Health Policy

Integration of substance abuse treatment organizations into Accountable Care Organizations: Results from a national survey

Integration of substance abuse treatment organizations into Accountable Care Organizations: Results from a national survey
Journal of Health Politics, Policy and Law 40(4), August 2015.

D'Aunno, T., Friedmann, P.D., Chen, Q., & Wilson, D.M.
05/26/2016

To meet their aims of managing population health to improve the quality and cost of health care in the United States, accountable care organizations (ACOs) will need to focus on coordinating care for individuals with substance abuse disorders. The prevalence of these disorders is high, and these individuals often suffer from comorbid chronic medical and social conditions. This article examines the extent to which the nation's fourteen thousand specialty substance abuse treatment (SAT) organizations, which have a daily census of more than 1 million patients, are contracting with ACOs across the country; we also examine factors associated with SAT organization involvement with ACOs. We draw on data from a recent (2014) nationally representative survey of executive directors and clinical supervisors from 635 SAT organizations. Results show that only 15 percent of these organizations had signed contracts with ACOs. Results from multivariate analyses show that directors' perceptions of market competition, organizational ownership, and geographic location are significantly related to SAT involvement with ACOs. We discuss implications for integrating the SAT specialty system with the mainstream health care system.

Creating value for participants in multi-stakeholder alliances: the shifting importance of leadership and collaborative decision-making over time

Creating value for participants in multi-stakeholder alliances: the shifting importance of leadership and collaborative decision-making over time
December 2015. Health Care Management Review.

D'Aunno, T., Alexander, J.A., & Jiang, L.
05/26/2016

BACKGROUND:

Multistakeholder alliances that bring together diverse organizations to work on health-related issues are playing an increasingly prominent role in the U.S. health care system. Prior research shows that collaborative decision-making and effective leadership are related to members' perceptions of value for their participation in alliances. Yet, we know little about how collaborative decision-making and leadership might matter over time in multistakeholder alliances.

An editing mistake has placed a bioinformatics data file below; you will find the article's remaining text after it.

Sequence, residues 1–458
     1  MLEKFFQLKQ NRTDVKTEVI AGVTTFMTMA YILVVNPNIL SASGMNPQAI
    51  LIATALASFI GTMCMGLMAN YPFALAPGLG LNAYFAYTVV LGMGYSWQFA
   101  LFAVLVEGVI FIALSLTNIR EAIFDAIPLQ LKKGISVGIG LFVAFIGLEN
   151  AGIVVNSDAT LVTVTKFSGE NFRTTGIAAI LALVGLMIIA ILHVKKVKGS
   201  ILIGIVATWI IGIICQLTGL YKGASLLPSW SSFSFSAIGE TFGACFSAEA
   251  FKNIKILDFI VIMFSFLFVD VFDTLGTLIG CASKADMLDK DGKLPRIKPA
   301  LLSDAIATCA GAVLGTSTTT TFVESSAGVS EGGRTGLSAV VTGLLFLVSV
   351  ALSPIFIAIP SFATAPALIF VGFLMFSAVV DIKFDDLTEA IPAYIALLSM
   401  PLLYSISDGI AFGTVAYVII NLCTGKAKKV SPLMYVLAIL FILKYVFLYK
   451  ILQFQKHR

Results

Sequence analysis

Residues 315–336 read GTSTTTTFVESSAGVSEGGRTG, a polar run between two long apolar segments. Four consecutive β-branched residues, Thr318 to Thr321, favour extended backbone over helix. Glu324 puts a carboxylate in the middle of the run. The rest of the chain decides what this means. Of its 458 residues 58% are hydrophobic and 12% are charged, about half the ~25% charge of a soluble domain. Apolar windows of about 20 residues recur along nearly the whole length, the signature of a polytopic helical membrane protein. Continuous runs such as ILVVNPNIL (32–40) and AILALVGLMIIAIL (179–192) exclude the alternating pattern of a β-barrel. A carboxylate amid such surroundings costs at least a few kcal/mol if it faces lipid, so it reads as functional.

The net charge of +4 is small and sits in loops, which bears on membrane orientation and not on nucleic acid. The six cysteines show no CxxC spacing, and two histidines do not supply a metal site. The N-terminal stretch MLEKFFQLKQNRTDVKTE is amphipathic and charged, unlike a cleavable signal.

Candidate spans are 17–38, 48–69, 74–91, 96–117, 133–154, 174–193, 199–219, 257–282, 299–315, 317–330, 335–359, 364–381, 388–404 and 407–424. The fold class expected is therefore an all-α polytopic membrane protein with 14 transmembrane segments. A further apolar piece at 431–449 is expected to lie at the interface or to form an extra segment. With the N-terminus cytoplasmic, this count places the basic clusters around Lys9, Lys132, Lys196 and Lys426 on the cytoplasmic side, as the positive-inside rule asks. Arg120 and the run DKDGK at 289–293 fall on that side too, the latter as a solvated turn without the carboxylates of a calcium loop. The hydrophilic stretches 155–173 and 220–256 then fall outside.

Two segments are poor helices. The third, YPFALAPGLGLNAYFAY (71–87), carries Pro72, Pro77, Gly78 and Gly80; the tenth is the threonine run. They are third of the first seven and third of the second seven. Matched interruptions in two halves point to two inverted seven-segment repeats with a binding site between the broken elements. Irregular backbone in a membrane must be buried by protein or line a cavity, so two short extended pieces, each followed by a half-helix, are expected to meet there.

PURPOSE:

The aim of this study was to advance understanding of the role of collaborative decision-making and leadership in individuals' assessments of the benefits and costs of their participation in multistakeholder alliances over time.

METHODS:

We draw on data collected from three rounds of surveys of alliance members (2007-2012) who participated in the Robert Wood Johnson Foundation's Aligning Forces for Quality program.

FINDINGS:

Results from regression analyses indicate that individuals' perceptions of value for their participation in alliances shift over time: Perceived value is higher with collaborative decision-making when alliances are first formed and higher with more effective leadership as time passes after alliance formation.

PRACTICE IMPLICATIONS:

Leaders of multistakeholder alliances may need to vary their behavior over time, shifting their emphasis from inclusive decision-making to task achievement.

Paths to improving engagement among racial and ethnic minorities in addiction health services

Paths to improving engagement among racial and ethnic minorities in addiction health services
Substance Abuse Treatment, Prevention, & Policy (2015) 10:40.

Guerrero, E., Fenwick, K., Kong, Y., Grella, C., & D'Aunno, T.
05/26/2016

BACKGROUND

Members of racial and ethnic minority groups are most likely to experience limited access and poor engagement in addiction treatment. Research has been limited on the role of program capacity and delivery of comprehensive care in improving access and retention among minorities with drug abuse issues. The goal of this study was to examine the extent to which access and retention are enhanced when racial and ethnic minorities receive care from high-capacity addiction health services (AHS) programs and via coordination with mental health and receipt of HIV testing services. Methods: This multilevel cross-sectional analysis involved data from 108 programs merged with client data from 2011 for 13,478 adults entering AHS. Multilevel negative binomial regression models were used to test interactions and indirect relationships between program capacity and days to enter treatment (wait time) and days in treatment (retention).

RESULTS

Compared to low-capacity programs and non-Latino and non-African American clients, Latinos and African Americans served in high-capacity programs reported shorter wait times to admission, as hypothesized. African Americans also had longer treatment retention in high-capacity programs. Receipt of HIV testing and program coordination of mental health services played an indirect role in the relationship between program capacity and wait time.

CONCLUSIONS

Program capacity and coordinated services in AHS may reduce disparities in access to care. Implications for supporting low-capacity programs to eliminate the disparity gap in access to care are discussed.

Practice environments and job satisfaction and turnover intentions of nurse practitioners: Implications for primary care workforce capacity

Practice environments and job satisfaction and turnover intentions of nurse practitioners: Implications for primary care workforce capacity
November 2015. Health Care Management Review.

Poghosyan, L., Liu, J., Shang, J., & D'Aunno, T.
05/26/2016

BACKGROUND:

Health care professionals, organizations, and policy makers are calling for expansion of the nurse practitioner (NP) workforce in primary care to assure timely access and high-quality care. However, most efforts promoting NP practice have been focused on state level scope of practice regulations, with limited attention to the organizational structures.

PURPOSE:

We examined NP practice environments in primary care organizations and the extent to which they were associated with NP retention measures.

METHODOLOGY:

Data were collected through mail survey of NPs practicing in 163 primary care organizations in Massachusetts in 2012. NP practice environment was measured by the Nurse Practitioner Primary Care Organizational Climate Questionnaire, which has four subscales: Professional Visibility, NP-Administration Relations, NP-Physician Relations, and Independent Practice and Support. Two global items measured job satisfaction and NPs' intent to leave their job. We aggregated NP level data to organization level to attain measures of practice environments. Multilevel logistic regression models were used.